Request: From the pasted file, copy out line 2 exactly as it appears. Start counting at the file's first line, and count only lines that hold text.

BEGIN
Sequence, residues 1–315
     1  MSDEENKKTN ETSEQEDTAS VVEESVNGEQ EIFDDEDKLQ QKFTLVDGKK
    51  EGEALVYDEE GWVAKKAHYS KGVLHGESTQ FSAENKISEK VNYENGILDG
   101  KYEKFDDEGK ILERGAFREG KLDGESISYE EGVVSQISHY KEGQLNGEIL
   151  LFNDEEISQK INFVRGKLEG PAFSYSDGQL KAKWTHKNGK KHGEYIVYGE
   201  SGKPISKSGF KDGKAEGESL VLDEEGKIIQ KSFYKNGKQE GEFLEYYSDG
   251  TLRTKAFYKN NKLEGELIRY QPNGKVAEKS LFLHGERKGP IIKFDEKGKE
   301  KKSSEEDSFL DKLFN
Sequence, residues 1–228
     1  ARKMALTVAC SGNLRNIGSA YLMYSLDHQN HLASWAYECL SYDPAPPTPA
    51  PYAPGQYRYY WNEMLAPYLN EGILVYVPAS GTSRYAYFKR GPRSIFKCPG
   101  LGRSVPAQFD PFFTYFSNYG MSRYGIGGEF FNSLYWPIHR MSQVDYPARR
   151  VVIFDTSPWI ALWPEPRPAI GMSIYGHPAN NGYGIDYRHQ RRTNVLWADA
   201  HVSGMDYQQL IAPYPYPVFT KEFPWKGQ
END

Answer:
     1  MSDEENKKTN ETSEQEDTAS VVEESVNGEQ EIFDDEDKLQ QKFTLVDGKK